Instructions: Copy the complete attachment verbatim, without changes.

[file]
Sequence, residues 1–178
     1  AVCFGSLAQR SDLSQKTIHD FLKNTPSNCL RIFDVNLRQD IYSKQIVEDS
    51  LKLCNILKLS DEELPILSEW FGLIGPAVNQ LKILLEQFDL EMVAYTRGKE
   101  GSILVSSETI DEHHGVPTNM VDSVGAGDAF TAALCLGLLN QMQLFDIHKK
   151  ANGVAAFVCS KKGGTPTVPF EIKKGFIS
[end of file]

Sequence, residues 1–178
     1  AVCFGSLAQR SDLSQKTIHD FLKNTPSNCL RIFDVNLRQD IYSKQIVEDS
    51  LKLCNILKLS DEELPILSEW FGLIGPAVNQ LKILLEQFDL EMVAYTRGKE
   101  GSILVSSETI DEHHGVPTNM VDSVGAGDAF TAALCLGLLN QMQLFDIHKK
   151  ANGVAAFVCS KKGGTPTVPF EIKKGFIS